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STTR Phase II: Improved Addressing Speed of Plasma-sphere Arrays

Award Information

National Science Foundation
Award ID:
Program Year/Program:
2010 / STTR
Agency Tracking Number:
Solicitation Year:
Solicitation Topic Code:
Solicitation Number:
Small Business Information
Imaging Systems Technology
4750 W. Bancroft Toledo, OH -
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Woman-Owned: No
Minority-Owned: No
HUBZone-Owned: No
Phase 2
Fiscal Year: 2010
Title: STTR Phase II: Improved Addressing Speed of Plasma-sphere Arrays
Agency: NSF
Contract: 0956629
Award Amount: $499,995.00


This Small Business Technology Transfer (STTR) Phase II project is a study to expand the high speed addressing work conducted under Phase I using monochrome Plasma-spheres to color Plasma-spheres. Plasma-spheres are hollow transparent shells that encapsulate a selected pressurized gas. When a voltage is applied across the shell, the gas ionizes and glows. Plasma-spheres are applied to flexible, electrically addressable arrays to form Plasma-sphere arrays for use as large area plasma displays. Plasma-sphere arrays, like standard plasma displays require secondary electron emitting materials to increases addressing speeds. Under Phase II, the team will continue to investigate both thin film and thick film techniques for applying these materials to color Plasma-spheres. The proposed research presents a novel approach to produce video speed large area plasma displays. The Plasma-sphere array differs from other display technologies in that it allows for low-cost displays that are flexible, ultra-large, with full-color and full motion video. The broader impact/commercial potential of this project is a breakthrough display technology. It moves away from the traditional semiconductor fabrication processes as practiced by many display manufacturers in Asia and replaces them with low cost plastic, glass, and printing processes practiced and well understood by US based companies. The successful development of a high speed addressing will help move this product toward commercialization in the large and growing market of dynamic signage. Commercialization of this technology will lead to job creation and commercial opportunities in the United States. Furthermore, Plasma-sphere arrays are an order of magnitude lower in production cost when compared with ultra large LED displays. Lower material and manufacturing costs provide a social benefit in that fewer natural resources are required with a less taxing effect on the environment. The Plasmasphere array can be made large like an LED display, while retaining many of the exceptional features of a conventional, rigid plasma display including good viewing angle, high brightness, excellent contrast, and full motion video.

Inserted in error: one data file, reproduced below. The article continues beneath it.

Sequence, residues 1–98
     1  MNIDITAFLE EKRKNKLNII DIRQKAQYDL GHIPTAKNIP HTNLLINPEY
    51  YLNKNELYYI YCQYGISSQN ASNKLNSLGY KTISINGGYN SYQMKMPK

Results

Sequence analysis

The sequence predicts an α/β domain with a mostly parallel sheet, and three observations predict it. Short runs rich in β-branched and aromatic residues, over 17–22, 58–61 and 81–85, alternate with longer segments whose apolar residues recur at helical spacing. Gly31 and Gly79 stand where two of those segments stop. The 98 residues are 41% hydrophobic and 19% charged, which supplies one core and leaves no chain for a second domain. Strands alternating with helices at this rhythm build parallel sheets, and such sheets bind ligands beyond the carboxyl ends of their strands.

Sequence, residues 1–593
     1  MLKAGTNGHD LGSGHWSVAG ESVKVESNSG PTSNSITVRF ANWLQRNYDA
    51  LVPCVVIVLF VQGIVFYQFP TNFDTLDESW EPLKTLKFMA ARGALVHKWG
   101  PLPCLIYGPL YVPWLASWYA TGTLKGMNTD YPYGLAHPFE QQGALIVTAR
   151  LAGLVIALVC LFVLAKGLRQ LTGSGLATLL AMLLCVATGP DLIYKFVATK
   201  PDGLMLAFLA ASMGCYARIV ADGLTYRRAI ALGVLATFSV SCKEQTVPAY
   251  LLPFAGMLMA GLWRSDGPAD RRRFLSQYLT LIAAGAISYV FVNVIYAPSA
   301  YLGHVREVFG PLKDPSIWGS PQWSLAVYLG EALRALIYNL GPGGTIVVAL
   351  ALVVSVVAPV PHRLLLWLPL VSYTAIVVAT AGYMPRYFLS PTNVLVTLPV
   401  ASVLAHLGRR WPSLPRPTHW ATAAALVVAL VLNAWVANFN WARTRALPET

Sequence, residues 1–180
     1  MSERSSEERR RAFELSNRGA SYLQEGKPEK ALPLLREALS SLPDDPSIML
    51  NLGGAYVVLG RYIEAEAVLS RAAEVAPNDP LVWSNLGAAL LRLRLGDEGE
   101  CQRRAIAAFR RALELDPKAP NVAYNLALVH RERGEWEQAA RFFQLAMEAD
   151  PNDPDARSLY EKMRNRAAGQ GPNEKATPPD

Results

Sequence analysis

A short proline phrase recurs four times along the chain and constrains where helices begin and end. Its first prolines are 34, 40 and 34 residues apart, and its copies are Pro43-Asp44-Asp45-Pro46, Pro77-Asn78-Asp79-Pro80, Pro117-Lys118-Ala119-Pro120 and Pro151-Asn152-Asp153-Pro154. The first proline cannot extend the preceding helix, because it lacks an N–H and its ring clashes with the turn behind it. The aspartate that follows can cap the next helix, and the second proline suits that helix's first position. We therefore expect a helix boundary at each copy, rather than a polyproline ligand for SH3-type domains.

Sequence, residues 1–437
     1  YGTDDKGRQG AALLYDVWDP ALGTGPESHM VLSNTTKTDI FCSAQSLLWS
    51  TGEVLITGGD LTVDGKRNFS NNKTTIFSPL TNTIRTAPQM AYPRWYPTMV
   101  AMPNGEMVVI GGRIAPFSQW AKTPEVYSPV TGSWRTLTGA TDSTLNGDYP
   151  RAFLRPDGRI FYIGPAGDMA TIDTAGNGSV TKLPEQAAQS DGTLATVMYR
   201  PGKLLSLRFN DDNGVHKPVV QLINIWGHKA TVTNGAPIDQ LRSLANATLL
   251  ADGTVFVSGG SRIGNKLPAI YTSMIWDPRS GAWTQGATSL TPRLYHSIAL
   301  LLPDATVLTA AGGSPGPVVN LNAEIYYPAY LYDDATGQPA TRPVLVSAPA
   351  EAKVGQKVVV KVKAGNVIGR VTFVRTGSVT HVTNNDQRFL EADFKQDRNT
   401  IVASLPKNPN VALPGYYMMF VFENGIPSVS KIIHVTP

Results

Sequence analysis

Principal Investigator:

Carol A. Wedding

Business Contact:

Carol A. Wedding
Small Business Information at Submission:


EIN/Tax ID: 860887739
Number of Employees:
Woman-Owned: No
Minority-Owned: No
HUBZone-Owned: No
Research Institution Information:
Georgia Institute of Technology
765 Ferst Drive, NW
Atlanta, GA 30332
Contact: Christopher Summers
Contact Phone: 4043850697